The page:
“Air travel has given entire populations unprecedented mobility. The intermodal container has delivered a cornucopia of products to every corner of the globe. And cyberspace has become a promiscuous, meme-spreading hotbed of ideas. Throw in the usual round of human misery served up by war, revolution and natural disasters, and the result is a potent cultural Petri dish from which a new god could spring.” — New era, new god, says Paul Saffo, The Economist, Nov 22, 2010
Paul Saffos’ astute observation points to a confluence of three streams (moving people, goods, ideas) and their potency to create viral conditions for large-scale social, political, and spiritual innovation.
There are also numerous other signs of paradigm shifts in-progress. Some of them are more significant than others, in terms of their potential impact on the emergence of a new epic narrative. Besides the three that Saffo wrote about, the top three that I see are:
1. The emergence of a unity consciousness reclaiming sovereignty over what belongs to all of us: air, land, rivers, public spaces, shard knowledge and collective intelligence. That’s what is becoming more visible in the commons movement that Leo Burke wrote about:
“Without exception, all human and institutional structures are based on presumptions about reality. This tends to be uninspected but is critically important. The Copernican Revolution was not only a shift from a geocentric to heliocentric view of the solar system. It affected the basis of governance structures in Europe including the Church and the monarchy. In the present day the insights of quantum mechanics are slowly seeping into the Western worldview and accord with what mystics, East and West, have said for centuries—the universe is an inherent unity.” — The Growing Voice of the Global Commons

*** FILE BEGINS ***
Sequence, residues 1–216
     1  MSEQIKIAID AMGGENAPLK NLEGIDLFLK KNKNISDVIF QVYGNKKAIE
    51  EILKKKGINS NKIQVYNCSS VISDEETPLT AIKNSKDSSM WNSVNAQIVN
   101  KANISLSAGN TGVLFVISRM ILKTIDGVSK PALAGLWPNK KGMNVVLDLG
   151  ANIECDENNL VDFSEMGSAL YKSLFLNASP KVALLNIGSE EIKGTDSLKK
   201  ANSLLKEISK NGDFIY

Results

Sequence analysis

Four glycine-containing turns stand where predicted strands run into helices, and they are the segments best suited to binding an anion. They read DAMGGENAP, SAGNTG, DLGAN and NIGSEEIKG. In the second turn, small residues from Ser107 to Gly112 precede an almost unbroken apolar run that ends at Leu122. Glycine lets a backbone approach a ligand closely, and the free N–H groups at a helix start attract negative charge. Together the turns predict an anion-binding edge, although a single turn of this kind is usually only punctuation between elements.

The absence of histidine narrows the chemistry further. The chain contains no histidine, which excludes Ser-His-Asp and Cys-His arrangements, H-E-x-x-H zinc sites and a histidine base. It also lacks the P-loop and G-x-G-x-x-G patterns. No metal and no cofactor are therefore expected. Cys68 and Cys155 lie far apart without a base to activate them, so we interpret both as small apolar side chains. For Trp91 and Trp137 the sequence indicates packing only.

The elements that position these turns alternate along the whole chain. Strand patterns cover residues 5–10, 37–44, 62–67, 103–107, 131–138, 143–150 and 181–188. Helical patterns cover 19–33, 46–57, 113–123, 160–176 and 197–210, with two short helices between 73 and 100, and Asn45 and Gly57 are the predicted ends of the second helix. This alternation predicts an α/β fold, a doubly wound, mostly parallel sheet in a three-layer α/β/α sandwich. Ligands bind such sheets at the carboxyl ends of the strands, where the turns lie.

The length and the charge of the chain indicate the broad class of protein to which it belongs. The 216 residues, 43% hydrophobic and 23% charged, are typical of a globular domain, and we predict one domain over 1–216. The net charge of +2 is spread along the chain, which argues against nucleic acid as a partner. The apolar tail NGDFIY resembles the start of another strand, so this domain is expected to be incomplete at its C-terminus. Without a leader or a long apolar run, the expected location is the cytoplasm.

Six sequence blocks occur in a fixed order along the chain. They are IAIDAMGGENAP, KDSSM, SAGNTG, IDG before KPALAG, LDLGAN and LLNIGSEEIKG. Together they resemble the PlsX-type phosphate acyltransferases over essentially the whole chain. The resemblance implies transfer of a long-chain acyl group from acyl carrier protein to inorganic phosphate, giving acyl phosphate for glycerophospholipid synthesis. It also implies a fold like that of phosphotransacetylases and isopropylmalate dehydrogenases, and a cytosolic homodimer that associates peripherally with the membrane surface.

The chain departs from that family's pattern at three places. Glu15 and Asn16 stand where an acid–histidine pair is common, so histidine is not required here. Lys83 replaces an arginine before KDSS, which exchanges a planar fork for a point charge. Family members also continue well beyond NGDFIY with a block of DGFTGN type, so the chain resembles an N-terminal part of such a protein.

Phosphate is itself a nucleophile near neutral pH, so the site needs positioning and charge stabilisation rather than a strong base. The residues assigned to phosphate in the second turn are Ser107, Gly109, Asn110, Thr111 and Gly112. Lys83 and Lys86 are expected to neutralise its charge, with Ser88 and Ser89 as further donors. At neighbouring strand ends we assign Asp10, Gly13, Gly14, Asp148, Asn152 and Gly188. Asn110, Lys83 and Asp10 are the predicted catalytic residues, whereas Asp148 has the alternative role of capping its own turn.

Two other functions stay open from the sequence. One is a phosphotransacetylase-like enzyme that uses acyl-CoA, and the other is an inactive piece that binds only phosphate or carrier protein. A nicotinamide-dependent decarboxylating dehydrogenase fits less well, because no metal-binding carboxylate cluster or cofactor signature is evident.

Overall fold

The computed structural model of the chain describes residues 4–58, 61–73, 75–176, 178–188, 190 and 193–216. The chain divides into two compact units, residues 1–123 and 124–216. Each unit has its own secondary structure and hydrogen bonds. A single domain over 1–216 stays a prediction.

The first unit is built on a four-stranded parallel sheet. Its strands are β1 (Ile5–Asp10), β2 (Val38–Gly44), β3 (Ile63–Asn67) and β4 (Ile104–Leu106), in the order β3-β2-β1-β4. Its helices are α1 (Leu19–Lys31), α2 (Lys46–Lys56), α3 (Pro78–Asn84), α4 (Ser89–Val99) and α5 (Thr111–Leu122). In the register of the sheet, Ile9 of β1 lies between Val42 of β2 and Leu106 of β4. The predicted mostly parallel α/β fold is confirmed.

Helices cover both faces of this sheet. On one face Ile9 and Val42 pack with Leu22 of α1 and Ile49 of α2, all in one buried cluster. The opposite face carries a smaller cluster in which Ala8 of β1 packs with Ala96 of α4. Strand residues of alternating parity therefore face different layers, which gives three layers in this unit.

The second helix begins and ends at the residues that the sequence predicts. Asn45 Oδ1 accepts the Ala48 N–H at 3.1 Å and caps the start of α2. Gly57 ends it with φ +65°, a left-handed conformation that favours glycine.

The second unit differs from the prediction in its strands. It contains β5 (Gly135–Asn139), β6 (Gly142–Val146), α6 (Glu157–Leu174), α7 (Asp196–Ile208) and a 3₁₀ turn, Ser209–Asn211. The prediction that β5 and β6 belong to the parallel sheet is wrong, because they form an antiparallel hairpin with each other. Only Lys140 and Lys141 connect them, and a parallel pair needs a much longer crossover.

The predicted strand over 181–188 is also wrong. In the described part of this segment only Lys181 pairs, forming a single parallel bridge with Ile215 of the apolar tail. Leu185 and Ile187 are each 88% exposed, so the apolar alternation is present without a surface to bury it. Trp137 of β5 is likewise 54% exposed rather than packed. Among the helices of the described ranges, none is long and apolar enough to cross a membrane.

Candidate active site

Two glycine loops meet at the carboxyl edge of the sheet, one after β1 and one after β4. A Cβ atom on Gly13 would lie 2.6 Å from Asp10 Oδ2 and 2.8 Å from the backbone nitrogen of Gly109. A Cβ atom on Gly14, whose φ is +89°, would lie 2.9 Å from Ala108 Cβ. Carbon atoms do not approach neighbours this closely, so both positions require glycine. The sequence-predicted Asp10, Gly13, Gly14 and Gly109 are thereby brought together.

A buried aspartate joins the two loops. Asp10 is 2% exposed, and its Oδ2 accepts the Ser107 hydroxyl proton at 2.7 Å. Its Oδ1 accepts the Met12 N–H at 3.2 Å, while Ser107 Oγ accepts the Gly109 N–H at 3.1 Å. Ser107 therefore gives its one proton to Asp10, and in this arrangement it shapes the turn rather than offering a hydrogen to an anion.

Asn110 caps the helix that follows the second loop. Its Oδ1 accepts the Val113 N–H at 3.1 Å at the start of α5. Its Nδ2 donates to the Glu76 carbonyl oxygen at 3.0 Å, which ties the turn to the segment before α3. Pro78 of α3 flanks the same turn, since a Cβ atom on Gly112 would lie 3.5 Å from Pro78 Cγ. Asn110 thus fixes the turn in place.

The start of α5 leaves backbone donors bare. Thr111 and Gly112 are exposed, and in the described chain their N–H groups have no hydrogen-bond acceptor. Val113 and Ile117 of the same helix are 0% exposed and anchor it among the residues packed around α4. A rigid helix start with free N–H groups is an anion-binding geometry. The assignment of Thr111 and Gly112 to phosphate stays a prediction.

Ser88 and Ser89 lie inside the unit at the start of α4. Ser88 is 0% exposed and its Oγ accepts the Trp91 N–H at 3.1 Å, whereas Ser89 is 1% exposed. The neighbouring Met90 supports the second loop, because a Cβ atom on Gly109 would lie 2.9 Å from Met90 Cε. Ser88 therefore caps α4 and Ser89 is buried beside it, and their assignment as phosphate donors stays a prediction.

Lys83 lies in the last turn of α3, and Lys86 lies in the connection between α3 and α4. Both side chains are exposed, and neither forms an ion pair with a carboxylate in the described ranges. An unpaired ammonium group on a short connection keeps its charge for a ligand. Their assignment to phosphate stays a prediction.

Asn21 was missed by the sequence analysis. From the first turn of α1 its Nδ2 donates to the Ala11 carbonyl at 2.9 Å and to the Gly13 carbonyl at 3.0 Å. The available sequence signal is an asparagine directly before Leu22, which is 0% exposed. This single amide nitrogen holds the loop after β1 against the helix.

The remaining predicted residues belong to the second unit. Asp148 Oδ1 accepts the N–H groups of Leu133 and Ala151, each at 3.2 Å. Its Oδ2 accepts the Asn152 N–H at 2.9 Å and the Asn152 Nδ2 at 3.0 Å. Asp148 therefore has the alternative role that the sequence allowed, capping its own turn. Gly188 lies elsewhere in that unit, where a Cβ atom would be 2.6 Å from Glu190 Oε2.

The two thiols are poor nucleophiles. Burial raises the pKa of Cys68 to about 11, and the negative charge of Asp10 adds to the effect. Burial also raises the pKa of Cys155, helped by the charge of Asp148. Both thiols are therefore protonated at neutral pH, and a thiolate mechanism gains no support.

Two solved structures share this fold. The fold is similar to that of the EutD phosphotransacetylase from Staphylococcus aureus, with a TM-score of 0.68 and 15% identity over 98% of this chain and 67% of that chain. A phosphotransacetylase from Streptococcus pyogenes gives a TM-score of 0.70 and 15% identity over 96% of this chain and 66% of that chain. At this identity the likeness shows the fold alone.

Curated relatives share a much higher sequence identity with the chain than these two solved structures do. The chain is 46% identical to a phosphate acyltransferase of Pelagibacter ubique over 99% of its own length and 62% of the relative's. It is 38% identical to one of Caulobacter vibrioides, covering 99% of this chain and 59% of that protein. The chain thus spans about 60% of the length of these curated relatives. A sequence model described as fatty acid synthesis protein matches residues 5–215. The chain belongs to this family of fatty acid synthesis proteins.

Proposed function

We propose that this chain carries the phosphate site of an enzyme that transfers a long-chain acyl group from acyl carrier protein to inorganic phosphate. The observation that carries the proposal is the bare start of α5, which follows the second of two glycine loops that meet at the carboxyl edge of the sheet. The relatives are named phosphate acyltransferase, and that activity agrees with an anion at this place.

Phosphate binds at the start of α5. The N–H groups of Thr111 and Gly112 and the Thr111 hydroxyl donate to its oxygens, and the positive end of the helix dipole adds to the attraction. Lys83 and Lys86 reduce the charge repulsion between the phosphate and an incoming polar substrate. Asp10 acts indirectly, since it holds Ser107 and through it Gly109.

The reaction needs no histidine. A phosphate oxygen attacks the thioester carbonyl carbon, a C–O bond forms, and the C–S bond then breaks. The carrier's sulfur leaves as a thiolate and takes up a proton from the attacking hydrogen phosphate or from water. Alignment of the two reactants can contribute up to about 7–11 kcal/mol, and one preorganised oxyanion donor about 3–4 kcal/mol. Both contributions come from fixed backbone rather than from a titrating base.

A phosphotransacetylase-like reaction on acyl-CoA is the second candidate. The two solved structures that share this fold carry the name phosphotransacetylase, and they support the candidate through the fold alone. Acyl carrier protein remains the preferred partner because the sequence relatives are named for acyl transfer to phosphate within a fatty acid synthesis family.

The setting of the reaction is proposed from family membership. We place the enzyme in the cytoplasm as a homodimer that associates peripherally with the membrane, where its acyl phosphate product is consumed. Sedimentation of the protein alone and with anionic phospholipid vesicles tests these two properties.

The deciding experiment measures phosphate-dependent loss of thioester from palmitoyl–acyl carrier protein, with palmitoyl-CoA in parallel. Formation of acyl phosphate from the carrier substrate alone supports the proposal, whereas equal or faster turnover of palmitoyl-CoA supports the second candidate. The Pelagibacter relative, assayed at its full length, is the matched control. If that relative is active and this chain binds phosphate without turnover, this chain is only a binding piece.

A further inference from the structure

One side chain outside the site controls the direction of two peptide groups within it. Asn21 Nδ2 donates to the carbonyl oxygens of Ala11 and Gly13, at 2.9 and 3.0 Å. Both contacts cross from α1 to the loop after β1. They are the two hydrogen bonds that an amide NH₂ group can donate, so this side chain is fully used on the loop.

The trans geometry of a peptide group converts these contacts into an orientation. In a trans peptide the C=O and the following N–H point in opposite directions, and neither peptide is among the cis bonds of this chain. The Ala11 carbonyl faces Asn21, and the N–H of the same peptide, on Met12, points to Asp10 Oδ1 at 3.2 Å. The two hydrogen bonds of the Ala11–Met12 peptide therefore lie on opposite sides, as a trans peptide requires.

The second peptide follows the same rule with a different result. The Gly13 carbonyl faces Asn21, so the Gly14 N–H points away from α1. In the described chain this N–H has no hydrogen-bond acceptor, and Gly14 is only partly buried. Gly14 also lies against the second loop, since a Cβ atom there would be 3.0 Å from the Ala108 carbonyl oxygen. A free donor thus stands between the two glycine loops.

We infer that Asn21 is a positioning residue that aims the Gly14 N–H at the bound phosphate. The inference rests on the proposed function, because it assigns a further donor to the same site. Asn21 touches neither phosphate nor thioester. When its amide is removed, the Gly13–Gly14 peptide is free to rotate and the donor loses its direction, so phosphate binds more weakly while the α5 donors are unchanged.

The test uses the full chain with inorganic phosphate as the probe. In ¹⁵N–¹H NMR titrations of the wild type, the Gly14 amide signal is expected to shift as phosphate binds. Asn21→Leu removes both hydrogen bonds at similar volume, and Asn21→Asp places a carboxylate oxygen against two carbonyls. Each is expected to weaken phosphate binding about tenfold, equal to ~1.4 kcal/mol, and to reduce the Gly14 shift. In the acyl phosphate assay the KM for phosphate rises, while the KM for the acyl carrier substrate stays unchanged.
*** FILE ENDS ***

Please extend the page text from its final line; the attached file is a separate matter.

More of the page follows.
3. The global spread of such social technologies for facilitating transformation and collective intelligence and wisdom, as Presencing, Appreciative Inquiry, Holacracy, Spiral Dynamics, Art of Hosting, World Café, Open Space Technology, and many more inventoried in the Change Handbook.
The communities of practitioners of those arts, around the world, and the other two trends seem to be promising destinations for any “deep dive” sensing the places and spaces that birth the new narrative.
Of course, the 3+3 list presented in this blog is far from being complete. It’s waiting for you to comment on and update it.
Even a much more complete list of “new narrative” birthplaces wouldn’t come alive and help us sense what is really being birthed, without the storytellers, the mythsingers, the storyweavers, and the cartographers of collective dreams, stepping forward and engaging with the once in a life time opportunity to chronicle the epic moment when, in the words of a modern-day bard, “the old world is dying and the new is yet to come”. Listen to The Cape in the vid that follows, a poignant ballad sung by Chris Corrigan.